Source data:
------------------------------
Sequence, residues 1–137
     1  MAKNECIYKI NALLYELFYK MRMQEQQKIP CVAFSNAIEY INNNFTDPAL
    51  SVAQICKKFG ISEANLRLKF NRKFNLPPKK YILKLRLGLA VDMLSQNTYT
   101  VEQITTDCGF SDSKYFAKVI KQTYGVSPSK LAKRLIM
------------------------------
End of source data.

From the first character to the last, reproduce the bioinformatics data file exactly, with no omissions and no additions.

Sequence, residues 1–137
     1  MAKNECIYKI NALLYELFYK MRMQEQQKIP CVAFSNAIEY INNNFTDPAL
    51  SVAQICKKFG ISEANLRLKF NRKFNLPPKK YILKLRLGLA VDMLSQNTYT
   101  VEQITTDCGF SDSKYFAKVI KQTYGVSPSK LAKRLIM